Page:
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Spirit City: Lofi Sessions Review – Charming gamified productivity

Spirit City: Lofi Sessions Review – Charming gamified productivity

Take the world at your own pace

Spirit City: Lofi Sessions is a game I didn’t realise I needed. Yet, now I’ve got it, I never want to let it go.

I am, by my own admission, (dis)organised chaos. Although I intend to plan my schedule, I fail more times than not; I then get overwhelmed, have a meltdown, before repeating the process all over again.

To say it’s stressful for me to remain organised is a monumental understatement. So, when I saw the cute and colourful imagery of Spirit City: Lofi Sessions appear on my Twitter feed, I was intrigued.

Granted, my primary focus was on collecting adorable creatures, followed closely by the customisation of your character and living space. Lofi music was an added bonus, but I came for the creatures first and foremost.

They’re still one of the main selling points for me. However, I’d be remiss not admit my surprise at how much I enjoy using the game as a means to stay focused. I appreciate that’s part of its original intention, yet I never expected it to work for me.

Cosy vibes while you stay on task in Spirit City: Lofi Sessions

I won’t pretend I’m utilising Spirit City: Lofi Sessions to the fullest of its productivity capabilities, especially since I’m playing it on my Steam Deck. Nonetheless, what I get out of it is more than enough for me to rate this game exceptionally high given its lack of actual gaming.

Despite its cosy charm, and all it offers, there's a rigidity to its application: it’s very much an experience linked to your main hardware of choice. If you’re a PC gamer and worker, that’s fantastic – this is ideal for you.

But for those of us who work on Macs and/or use a Steam Deck, the productivity optimisation lessens because Spirit City isn’t intrinsically linked to what you’re doing. It remains separate; while still highly valuable and entertaining, it does lose some of its appeal because of that fact.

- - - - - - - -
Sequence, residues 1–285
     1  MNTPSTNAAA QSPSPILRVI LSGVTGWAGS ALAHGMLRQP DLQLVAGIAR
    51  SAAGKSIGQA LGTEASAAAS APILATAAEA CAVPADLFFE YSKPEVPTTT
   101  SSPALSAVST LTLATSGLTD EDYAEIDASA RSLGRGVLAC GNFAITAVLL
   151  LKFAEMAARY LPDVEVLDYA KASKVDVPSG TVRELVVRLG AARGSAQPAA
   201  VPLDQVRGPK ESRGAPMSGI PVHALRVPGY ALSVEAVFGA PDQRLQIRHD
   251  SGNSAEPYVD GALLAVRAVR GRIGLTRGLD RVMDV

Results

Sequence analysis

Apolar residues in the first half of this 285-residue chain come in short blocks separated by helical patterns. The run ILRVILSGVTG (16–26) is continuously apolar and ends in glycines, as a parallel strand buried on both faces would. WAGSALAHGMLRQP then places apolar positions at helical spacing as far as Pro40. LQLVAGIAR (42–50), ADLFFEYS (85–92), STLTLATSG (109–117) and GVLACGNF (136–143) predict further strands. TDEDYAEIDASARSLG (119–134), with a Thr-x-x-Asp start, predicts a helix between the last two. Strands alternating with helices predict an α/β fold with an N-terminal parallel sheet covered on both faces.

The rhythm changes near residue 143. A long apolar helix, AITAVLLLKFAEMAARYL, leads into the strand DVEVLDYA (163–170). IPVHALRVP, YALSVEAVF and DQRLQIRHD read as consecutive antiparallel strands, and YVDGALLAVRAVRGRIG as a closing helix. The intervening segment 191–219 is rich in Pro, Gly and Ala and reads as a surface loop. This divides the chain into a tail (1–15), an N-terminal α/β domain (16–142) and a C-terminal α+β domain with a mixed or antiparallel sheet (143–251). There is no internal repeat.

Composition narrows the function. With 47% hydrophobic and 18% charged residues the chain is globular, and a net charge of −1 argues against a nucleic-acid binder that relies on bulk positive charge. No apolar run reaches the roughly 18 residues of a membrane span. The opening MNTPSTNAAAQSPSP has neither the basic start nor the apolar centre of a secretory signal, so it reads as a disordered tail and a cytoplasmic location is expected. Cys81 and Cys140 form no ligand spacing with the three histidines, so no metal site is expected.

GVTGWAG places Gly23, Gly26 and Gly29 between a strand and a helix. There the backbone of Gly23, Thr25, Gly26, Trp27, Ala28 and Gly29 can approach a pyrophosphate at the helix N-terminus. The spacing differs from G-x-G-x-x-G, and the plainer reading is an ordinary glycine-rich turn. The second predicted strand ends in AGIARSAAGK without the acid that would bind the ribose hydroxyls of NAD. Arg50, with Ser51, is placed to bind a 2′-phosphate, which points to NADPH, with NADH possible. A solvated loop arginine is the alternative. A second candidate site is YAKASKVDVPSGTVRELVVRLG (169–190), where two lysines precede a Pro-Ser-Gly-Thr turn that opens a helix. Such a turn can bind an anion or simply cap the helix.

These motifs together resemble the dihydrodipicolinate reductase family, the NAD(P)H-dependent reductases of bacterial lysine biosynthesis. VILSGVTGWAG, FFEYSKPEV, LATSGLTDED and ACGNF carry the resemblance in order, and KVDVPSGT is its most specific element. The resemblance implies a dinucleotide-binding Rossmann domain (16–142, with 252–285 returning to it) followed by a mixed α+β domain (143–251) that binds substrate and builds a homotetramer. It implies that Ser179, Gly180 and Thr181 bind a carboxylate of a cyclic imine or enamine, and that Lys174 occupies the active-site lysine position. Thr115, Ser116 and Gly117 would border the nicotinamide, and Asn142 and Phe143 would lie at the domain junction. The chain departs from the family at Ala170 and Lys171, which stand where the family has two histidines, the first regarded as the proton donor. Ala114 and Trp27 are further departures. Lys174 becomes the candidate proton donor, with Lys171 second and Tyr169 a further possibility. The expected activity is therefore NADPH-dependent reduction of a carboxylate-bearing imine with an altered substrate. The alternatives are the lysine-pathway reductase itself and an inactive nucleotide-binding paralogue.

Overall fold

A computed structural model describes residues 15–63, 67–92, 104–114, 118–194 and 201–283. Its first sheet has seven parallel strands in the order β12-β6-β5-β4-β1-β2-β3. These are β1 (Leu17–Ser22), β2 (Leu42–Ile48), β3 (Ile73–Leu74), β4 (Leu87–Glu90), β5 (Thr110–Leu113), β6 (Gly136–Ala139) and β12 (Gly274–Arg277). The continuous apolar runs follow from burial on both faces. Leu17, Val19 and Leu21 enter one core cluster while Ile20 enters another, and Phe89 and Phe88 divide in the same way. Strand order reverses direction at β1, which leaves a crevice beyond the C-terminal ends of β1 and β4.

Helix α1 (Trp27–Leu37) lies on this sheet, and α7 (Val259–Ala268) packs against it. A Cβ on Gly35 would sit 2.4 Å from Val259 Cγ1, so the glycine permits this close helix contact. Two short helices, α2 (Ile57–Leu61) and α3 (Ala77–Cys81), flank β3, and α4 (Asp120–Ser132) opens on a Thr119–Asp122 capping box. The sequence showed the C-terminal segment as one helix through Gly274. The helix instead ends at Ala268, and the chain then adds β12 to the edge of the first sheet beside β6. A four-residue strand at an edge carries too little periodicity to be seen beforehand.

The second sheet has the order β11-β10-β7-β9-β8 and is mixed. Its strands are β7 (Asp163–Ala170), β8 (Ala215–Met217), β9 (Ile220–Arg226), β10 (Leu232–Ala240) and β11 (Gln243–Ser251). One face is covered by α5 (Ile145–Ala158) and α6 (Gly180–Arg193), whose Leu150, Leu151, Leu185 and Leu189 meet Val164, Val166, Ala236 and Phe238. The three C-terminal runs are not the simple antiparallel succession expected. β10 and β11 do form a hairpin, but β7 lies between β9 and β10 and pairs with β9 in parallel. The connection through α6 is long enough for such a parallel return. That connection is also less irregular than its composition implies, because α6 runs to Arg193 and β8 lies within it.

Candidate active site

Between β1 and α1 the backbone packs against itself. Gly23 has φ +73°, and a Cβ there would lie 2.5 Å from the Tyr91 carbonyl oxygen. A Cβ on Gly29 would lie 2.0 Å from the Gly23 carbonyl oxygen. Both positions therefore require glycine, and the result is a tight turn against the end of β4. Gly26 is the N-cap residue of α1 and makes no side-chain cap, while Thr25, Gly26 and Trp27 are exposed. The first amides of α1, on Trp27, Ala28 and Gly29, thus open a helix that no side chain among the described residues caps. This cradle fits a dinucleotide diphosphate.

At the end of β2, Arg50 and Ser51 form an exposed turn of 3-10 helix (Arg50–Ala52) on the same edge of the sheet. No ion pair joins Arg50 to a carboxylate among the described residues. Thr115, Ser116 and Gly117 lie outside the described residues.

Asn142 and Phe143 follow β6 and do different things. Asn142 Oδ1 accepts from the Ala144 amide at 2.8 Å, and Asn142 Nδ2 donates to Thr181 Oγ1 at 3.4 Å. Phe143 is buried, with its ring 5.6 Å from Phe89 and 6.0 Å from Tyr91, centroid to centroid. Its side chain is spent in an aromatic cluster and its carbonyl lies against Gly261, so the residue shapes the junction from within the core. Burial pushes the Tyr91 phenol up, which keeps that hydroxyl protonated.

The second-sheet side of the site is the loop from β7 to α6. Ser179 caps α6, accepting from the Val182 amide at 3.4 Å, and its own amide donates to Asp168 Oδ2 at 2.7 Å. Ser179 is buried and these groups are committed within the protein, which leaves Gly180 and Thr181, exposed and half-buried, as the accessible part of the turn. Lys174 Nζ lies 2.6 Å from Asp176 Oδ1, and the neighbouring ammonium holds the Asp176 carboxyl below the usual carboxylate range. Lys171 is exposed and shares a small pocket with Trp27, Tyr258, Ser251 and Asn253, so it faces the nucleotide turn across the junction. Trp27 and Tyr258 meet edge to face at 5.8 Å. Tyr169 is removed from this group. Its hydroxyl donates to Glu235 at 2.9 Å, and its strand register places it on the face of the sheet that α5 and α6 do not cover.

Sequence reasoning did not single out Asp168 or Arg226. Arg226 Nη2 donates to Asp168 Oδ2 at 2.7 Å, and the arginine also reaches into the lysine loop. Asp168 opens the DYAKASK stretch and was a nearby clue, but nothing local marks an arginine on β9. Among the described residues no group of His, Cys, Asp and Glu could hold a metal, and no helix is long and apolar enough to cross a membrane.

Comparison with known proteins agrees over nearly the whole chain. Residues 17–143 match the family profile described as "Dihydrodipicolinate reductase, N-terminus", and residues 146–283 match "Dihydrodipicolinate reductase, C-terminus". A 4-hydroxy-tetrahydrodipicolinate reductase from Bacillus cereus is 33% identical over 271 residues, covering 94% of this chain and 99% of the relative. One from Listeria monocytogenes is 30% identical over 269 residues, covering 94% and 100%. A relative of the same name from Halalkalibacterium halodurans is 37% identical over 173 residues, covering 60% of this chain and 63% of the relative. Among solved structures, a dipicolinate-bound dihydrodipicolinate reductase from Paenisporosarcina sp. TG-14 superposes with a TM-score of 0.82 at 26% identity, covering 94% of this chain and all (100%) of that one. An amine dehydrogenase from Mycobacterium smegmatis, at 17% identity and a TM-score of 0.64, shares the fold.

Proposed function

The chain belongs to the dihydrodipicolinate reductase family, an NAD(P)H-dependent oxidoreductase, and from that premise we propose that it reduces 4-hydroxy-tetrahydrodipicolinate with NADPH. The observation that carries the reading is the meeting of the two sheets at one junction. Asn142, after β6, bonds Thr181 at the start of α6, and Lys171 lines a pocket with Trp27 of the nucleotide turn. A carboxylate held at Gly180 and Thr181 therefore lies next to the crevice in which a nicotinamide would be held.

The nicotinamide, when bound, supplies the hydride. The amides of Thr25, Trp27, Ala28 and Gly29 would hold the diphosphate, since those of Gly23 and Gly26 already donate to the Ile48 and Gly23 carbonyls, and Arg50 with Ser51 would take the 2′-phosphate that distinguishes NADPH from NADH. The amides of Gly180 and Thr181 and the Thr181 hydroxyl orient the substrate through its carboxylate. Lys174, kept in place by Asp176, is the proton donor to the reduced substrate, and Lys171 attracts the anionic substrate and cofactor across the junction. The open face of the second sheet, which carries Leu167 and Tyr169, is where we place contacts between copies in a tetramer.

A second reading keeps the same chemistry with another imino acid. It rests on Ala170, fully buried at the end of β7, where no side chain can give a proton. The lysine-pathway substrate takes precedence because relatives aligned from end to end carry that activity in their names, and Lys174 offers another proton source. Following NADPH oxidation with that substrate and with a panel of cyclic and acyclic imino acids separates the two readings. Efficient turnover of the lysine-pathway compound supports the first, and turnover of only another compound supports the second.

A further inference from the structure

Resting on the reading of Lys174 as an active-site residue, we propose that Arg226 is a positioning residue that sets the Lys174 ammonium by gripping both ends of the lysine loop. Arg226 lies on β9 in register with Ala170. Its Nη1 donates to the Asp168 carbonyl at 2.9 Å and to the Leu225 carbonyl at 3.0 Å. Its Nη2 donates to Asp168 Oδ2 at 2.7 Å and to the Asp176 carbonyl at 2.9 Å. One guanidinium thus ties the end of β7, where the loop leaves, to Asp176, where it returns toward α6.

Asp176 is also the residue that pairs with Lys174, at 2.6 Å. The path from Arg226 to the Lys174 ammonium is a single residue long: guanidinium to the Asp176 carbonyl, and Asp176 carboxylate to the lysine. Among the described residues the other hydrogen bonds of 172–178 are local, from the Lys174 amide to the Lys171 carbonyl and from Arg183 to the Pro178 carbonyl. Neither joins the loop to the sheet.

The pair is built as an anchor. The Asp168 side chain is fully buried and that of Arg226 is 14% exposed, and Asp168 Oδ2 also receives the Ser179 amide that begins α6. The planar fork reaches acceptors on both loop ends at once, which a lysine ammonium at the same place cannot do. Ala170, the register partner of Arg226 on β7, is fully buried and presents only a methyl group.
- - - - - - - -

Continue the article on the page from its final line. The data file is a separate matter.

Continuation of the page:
Instead of having the game chilling in the background on my Mac whilst I work, I have to prop my Steam Deck on my desk (no, I don’t have a dock) and play it that way instead. Surprisingly, it’s still a charming experience, but I wish – and hope – it eventually becomes accessible for everyone, not just PC gamers.

What I’d also like to see from this idle game, is more options for customisation. The initial selection is more than ample, don’t get me wrong, but you soon power through them all if you save up your Spirit Credits to purchase new ones. Given how much scope the game has, particularly in terms of its longevity, it seems fair to assume the developers will add more customisation as the game ages.

Mooncube Games

The spirits you collect are a large part of said customisation process as well, so I hope those too will increase in number later down the line. Nonetheless, the ones already available are varied enough for now, especially because of how long it can take to “lure” them.

If you’re someone who likes fast-paced, immediate gratification, this Steam game isn’t for you. This is about sitting back and taking your time; stop and appreciate the world around you, not grind yourself into paste. Patience is more than a virtue here, it’s a way of life.

I appreciate that enforced relaxation because, even in cosy games, I can get too obsessed with needing to do certain things. For example, in Stardew Valley I start to worry I’m not utilising my time well enough to make the most money – it’s why I wrote about it actually still contributing to the grind mentality.

Spirit City: Lofi Sessions could be life changing for you, and I say that with the utmost sincerity. I don’t think it’s been that impactful for me, and yet I find myself constantly keeping my Steam Deck battery full so I can have it tinkling its beautiful soundtrack and SFX in the background. The whisper of the wind against the pane; the rhythmic clack of the keyboard; the deep rumble of thunder – all of those effects bring a vivacious tangibility to the game.

Being able to watch my character nestled in a beanbag by a crackling fire, the static softly hissing from a vinyl spinning in the background while they knit is *chef’s kiss*. That will always be a winning combination for my cosy-at-heart soul. The life that’s depicted in Spirit City: Lofi Sessions is the one I want, and right now, the game is the only way I can (momentarily) realise that wish.

Pros: Adorable creatures to collect, soothing lofi tunes, and personalised customisation

Cons: Too slow paced for some, only on PC (for now), and needs more customisation opportunities

For fans of: Unpacking, Cozy Grove, A Little to the Left

8/10: Very Good

Spirit City: Lofi Sessions is available on Steam (version reviewed). Code for review was supplied by the publisher. Find a complete guide to GAMINGbible's review scores here.

Featured Image Credit: Mooncube Games

Topics: Indie Games, Steam, PC, Valve, Microsoft